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by Susan Dawson-Cook

May 5, 2021

A few U.S. Masters Swimming members share their secrets for swimming in cold water

Pools closed during the COVID-19 pandemic led many swimmers to dive into the open water. But training in rivers, lakes, seas, or oceans requires swimmers to not only adapt to waves, currents, and boat traffic but to cold temperatures in some places.

If you’re still unable to swim in your pool, or you want to give cold open water swimming a try, here’s how several Masters swimmers prepared for a cold, but safe, swim.

Before trying cold water swimming, you should consult with a medical professional to determine whether it’s something you should pursue.

Swimming Gear and Adaptation

When pools around her closed, Palm Beach Masters member Eney Jones went into Colorado rivers and lakes for swimming solace. Mid-winter water temperatures were frigid, and snow and ice surrounded her swimming spots, so she, like many cold water swimmers, used gear. Jones wears a full-body wetsuit and a neoprene swim cap.

Liz Carlin, a member and captain of the Long Beach Grunions, does the same and sometimes wears gloves and booties when she goes into the Pacific Ocean. She recommends swimmers trying cold water swimming use ear plugs.

In addition to using this gear, it’s recommended that you wear a brightly colored swim cap, use a brightly colored tow float, and never swim alone.

Adapting to the cold water is another important safety precaution. Don’t jump in expecting to swim for 45 minutes. Instead, build up how long you’re in the water gradually so your body can acclimate to how cold the water is.

To acclimate before each swim, Jones wades in slowly.

“I went through stages of being frightened and then feeling incredibly alive,” she says. “You have to clear your head and focus on your heart rate and breathing.”

Carlin adopts a similar method. She enters the water slowly, allowing her body to get comfortable. She then splashes water onto her face and then swims about 50 meters, stops, treads water, and checks in on her breathing.

Cold Water Dangers

When you swim in cold water, your body experiences many changes: Your surface blood vessels constrict, your blood pressure goes up, and your breathing rate increases. You can experience hyperventilation, cardiac arrest, stroke, drowning, or hypothermia, all major medical conditions that can lead to death.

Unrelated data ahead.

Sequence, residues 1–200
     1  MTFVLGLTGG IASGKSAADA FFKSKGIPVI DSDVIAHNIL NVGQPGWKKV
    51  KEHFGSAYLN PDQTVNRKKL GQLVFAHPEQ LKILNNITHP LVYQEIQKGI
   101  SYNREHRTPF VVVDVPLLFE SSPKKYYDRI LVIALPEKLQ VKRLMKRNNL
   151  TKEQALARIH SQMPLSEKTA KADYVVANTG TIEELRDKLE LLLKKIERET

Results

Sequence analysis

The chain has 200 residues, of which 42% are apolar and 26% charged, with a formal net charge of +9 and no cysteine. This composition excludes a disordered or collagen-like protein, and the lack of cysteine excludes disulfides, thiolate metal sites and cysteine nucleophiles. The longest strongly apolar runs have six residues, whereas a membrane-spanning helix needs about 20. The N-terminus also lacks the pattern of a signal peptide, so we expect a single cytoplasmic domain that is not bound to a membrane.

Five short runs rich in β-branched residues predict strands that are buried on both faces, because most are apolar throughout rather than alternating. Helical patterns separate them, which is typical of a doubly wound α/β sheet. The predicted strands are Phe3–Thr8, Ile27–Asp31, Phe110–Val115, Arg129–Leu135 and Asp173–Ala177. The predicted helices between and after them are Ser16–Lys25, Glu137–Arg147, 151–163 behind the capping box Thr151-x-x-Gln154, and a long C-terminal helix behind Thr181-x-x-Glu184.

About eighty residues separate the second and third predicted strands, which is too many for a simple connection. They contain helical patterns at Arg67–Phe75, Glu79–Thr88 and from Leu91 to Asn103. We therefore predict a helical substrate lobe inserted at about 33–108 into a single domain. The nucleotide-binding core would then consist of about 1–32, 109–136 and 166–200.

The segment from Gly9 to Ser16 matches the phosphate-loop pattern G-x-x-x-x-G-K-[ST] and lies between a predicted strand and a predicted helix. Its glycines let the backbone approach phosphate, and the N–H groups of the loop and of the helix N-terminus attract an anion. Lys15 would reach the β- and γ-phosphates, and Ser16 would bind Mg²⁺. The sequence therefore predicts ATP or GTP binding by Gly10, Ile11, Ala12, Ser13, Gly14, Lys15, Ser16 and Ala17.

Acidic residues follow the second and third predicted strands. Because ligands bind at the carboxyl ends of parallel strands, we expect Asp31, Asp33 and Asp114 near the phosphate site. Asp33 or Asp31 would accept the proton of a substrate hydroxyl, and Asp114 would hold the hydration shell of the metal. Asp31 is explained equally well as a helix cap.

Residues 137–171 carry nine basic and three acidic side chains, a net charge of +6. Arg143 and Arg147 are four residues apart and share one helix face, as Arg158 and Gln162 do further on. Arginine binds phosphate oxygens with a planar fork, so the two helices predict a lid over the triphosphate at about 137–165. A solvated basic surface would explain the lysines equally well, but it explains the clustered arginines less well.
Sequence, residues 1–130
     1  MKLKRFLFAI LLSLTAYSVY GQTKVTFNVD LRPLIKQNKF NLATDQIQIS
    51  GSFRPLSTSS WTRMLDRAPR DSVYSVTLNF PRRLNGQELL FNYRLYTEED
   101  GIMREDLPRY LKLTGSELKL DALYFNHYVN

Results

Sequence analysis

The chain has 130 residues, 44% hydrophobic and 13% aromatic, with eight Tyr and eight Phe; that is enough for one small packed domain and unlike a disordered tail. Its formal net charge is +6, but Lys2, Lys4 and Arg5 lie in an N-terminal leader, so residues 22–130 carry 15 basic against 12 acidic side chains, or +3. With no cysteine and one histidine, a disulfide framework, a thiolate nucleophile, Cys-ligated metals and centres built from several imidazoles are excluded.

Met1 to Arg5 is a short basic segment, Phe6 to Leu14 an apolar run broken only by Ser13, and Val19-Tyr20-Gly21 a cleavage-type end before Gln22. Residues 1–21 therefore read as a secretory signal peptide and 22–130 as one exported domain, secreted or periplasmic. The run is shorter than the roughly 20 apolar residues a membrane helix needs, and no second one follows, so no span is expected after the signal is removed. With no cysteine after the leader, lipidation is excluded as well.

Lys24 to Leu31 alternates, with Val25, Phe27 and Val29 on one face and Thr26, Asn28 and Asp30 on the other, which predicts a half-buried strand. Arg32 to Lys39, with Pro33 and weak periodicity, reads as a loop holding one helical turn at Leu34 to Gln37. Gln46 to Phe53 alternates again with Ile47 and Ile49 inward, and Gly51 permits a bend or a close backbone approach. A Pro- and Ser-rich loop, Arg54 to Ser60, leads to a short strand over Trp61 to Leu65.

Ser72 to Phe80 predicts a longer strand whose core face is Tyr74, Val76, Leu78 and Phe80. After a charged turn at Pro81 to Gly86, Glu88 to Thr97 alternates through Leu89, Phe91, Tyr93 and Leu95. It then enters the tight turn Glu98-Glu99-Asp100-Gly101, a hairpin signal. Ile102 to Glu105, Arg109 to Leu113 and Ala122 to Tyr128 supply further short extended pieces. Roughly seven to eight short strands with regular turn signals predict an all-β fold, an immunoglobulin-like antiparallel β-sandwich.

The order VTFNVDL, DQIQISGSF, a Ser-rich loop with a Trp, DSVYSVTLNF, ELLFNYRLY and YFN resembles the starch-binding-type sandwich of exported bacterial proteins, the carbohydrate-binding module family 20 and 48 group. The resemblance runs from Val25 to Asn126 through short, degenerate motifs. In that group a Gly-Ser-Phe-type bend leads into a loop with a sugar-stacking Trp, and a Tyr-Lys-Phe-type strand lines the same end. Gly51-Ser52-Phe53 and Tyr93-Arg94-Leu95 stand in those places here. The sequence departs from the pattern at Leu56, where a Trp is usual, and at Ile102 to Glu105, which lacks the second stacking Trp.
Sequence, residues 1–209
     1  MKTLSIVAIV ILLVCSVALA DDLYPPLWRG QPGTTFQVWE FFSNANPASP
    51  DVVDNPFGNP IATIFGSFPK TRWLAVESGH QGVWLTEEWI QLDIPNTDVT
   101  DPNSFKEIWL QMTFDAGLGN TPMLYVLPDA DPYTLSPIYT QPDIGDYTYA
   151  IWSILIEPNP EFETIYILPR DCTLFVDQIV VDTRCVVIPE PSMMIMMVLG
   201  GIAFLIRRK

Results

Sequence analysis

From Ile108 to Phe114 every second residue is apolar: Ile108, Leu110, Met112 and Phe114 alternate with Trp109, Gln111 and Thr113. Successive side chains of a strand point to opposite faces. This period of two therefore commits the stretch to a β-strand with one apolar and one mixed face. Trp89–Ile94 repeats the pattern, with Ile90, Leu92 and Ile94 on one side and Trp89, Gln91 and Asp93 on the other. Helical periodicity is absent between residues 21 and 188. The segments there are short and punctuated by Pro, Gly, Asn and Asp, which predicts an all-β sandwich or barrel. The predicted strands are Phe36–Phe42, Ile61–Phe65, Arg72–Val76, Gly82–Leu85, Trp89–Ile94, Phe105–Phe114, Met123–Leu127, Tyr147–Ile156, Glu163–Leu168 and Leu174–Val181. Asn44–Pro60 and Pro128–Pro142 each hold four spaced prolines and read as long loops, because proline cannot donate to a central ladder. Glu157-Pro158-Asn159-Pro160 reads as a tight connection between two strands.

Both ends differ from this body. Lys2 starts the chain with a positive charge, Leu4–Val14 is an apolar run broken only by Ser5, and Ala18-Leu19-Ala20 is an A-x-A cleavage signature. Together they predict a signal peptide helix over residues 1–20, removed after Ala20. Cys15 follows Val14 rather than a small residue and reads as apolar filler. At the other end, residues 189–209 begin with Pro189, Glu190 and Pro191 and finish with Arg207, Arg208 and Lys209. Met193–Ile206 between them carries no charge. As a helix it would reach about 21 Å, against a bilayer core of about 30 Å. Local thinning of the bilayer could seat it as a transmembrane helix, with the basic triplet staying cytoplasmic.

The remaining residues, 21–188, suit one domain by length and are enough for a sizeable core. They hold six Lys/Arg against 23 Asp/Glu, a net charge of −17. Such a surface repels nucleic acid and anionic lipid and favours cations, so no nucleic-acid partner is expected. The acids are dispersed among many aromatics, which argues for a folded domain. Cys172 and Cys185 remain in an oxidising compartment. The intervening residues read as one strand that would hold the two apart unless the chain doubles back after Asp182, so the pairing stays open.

Jones and her swimming buddies watch each other for blue lips and slurred speech, sure signs that they need to get out and start getting warm immediately.

Colonials 1776 member Diana McManus experienced a hypothermia wake-up call when she did a 24-hour relay event in San Francisco three years ago. People weren’t using wetsuits in the frigid water, something she decided to try.

“The first swim went great,” McManus says. “Despite initial shock, I began to enjoy the 53-degree water.”

She experienced dizziness and nausea on her second swim, symptoms she instantly recognized as warning signs. Afterward, she sat in a sauna, shivering nonstop, and felt hot and cold at the same time.

“I went in rushed,” McManus says. “I didn’t take the time to prepare mind, body, and spirit for the adventure.”

But sometimes cold water swimmers can’t prepare themselves enough for an open water swim. Recognizing when to stop early, she says, is important.

“If I feel queasy or lightheaded, I stop,” McManus says. “I’ve gotten to where I can tell when I’m reaching that point. Better to get out while I’m still clear-minded than try to be a hero and then perhaps put myself or possibly others at risk.”

Warming Back Up

Warming up is important after a cold swim.

Carlin pours hot water over her as she takes off her wetsuit following her swim. She then puts on dry clothes, a knit hat, and either a parka or large jacket before drinking hot tea.

Jones downs a hot thermos of chicken broth, hot chocolate, or hot tea post-swim.

“Having something warm to drink is just huge,” she says.

McManus says her parka is important.

“My Dryrobe was the best $100 I spent on eBay,” she says. “Not only does it keep me warm, but it’s easy to change clothes in mixed company. I keep my cap on until I dig out my ‘land’ hat. Getting out of wet clothes is really important. When you first get out, you might feel fine, but it doesn’t take long to experience after-drop [a continued fall of body temperature during rewarming after experiencing hypothermia].”

New England Masters Swim Club member Michael Leake doesn’t use a wetsuit, even as the waters around his Vermont home reach the low 40s, which places even more importance on his plan for getting warm again.

“Having a plan for rewarming is crucial,” he says. “I don't always think clearly when getting out and have just minutes before my hands don't work.”

His swim bag sits on shore with two towels and clothes stacked in the order that he puts them on: T-shirt, sweatshirt, sweatpants, socks, shoes, jacket, winter hat, and gloves. He then sips hot tea while walking to his car and then lets the sun or heater warm him up as he eats a granola bar or small candy bar while sitting in his car.

He avoids hot showers right after because they sometimes make him feel dizzy or sick. If he’s still cold when he gets home, Leake spends more time warming up.

“I sit under a blanket by the wood stove until I'm feeling warm, which can take up to an hour,” he says.


  • Open Water


  • Open Water